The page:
I will explain more about concepts in order to clarify
Pannati, concepts, can be classified in many ways . So things like a unicorn can be considered as different types of pannati from trees.
Trees, computers, humans, Robert, Tilt, sarah, are the shadows of what is really there - and what is really there are only namas and rupas, mentality and matter, the aggregates: insignificant dhammas that pass away instantly.
These concepts- human, Robert, are more deluding than concepts like unicorns (which we know have no reality).
Because of accumulated avijja, ignorance, these type of concepts (pannatti) delude and instead of being given their correct status - as necessary designations* - they are assumed to be actual. And that is where all problems begin and end.
*[i]Note that these designations happen long, long before they are linguistic labels. What is called a thought in conventional language is comprised of billions of momentary arisings which repeatedly take a concept as object and may include mentally naming it. Because of this repetition - and the lack of insight into the actual dhammas - the illusion of permanence is solidified[/i].
The commentary to the UDANA ( translation by Peter Masefield from PTS) (p71,vol1, enlightenment chapter)
it is ignorance since it causes beings to dart among becomings and so on within samsara.., it is ignorance since it darts among those things which do not actually exist [i.e. men, women] and since it does not dart among those things that do exist [i.e. it cannot understand the khandas, paramattha dhammas].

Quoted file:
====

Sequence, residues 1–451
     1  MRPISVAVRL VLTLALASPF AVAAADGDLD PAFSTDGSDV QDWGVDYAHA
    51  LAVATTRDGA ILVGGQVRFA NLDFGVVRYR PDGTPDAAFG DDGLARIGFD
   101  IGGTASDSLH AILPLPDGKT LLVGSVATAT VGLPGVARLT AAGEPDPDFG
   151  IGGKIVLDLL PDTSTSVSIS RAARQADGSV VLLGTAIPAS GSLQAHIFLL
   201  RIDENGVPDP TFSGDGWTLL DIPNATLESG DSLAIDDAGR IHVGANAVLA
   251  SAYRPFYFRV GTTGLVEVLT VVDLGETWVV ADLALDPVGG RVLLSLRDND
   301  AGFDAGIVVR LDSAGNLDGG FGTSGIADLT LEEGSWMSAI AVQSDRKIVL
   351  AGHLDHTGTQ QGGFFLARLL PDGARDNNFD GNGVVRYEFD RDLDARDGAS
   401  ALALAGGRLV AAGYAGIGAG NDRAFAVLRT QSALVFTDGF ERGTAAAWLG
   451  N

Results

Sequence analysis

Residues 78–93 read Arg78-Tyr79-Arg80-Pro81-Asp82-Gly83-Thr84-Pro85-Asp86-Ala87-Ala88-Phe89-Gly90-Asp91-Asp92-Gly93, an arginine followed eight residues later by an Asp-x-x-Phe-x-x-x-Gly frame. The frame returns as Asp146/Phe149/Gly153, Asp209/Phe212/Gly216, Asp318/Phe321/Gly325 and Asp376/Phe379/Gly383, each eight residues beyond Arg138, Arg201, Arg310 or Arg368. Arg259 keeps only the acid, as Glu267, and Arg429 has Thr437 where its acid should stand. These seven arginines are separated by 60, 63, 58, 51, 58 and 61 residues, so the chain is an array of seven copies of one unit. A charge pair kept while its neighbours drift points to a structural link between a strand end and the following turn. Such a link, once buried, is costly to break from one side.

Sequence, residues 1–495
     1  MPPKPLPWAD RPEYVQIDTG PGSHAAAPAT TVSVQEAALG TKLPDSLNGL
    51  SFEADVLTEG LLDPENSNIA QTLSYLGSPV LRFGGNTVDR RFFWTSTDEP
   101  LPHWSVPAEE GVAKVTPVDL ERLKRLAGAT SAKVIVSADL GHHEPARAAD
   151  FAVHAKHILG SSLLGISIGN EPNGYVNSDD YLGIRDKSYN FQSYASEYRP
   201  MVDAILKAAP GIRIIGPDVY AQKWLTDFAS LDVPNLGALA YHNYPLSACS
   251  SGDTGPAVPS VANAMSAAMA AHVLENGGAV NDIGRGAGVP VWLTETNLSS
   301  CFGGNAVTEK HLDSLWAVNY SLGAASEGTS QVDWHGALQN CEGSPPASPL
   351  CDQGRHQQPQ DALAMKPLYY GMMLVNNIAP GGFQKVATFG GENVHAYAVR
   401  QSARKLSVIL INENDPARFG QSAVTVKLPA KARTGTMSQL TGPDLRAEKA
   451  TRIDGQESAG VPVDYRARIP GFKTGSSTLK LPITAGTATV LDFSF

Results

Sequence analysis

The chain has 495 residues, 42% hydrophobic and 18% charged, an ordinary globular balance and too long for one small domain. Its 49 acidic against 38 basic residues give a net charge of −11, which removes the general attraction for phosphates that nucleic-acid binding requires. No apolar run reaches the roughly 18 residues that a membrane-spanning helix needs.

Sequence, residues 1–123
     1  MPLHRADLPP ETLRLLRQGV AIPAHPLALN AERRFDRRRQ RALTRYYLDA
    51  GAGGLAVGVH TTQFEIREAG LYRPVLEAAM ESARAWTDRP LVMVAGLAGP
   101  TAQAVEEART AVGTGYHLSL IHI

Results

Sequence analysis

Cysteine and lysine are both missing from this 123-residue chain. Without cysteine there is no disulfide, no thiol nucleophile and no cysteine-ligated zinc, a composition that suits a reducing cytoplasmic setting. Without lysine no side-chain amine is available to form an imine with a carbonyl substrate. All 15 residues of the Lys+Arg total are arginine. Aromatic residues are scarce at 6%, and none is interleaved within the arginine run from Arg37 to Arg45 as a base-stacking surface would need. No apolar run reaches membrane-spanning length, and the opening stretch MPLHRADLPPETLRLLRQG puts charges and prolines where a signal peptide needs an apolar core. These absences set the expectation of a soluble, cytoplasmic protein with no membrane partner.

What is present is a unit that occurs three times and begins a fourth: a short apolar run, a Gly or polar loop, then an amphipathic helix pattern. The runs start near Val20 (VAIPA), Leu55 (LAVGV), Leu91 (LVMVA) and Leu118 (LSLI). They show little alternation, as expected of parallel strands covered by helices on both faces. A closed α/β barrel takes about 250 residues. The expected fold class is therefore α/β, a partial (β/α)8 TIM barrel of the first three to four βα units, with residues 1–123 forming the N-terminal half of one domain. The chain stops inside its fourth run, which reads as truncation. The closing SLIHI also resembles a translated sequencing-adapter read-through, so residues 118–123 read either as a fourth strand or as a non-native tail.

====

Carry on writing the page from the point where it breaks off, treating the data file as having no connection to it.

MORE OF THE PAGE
What we call a thought in conventional language is a long and complex series of different processes. This is explained in detail in the commentaries.
____ As I said above the conceptualising happens long before any naming has time to occur. Even babies and animals who have no linguistic abilities are fully involved in processes of conceptualising.
However, animals and babies cannot yet expand concepts into the religions, sciences, and general craziness and wonder that is the fruit of civilisation. I think it can only be known by direct insight whether this is true or not and that is why the Buddha's teaching is ehipassiko - come and see. Which is why I believe vipassana is not a matter of doing something to get something ; instead it is simply the developing of insight into what is real and what is not. All these processes, the realities and the concepts are happening every moment of the day. They do not have to be searched for - they only need to be seen.